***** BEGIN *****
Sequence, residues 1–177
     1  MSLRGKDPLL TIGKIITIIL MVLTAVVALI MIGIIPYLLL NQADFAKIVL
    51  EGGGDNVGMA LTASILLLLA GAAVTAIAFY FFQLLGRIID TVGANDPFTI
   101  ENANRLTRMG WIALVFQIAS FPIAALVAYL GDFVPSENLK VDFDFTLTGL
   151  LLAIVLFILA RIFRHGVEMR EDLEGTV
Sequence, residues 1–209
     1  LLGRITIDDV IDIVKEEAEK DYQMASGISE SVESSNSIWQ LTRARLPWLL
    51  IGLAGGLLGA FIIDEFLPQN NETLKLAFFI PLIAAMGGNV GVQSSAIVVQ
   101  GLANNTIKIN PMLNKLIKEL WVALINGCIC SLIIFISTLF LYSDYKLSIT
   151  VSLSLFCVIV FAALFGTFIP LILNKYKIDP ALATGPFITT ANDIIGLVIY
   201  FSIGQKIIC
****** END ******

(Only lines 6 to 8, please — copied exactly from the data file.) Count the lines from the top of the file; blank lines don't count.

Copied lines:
Sequence, residues 1–209
     1  LLGRITIDDV IDIVKEEAEK DYQMASGISE SVESSNSIWQ LTRARLPWLL
    51  IGLAGGLLGA FIIDEFLPQN NETLKLAFFI PLIAAMGGNV GVQSSAIVVQ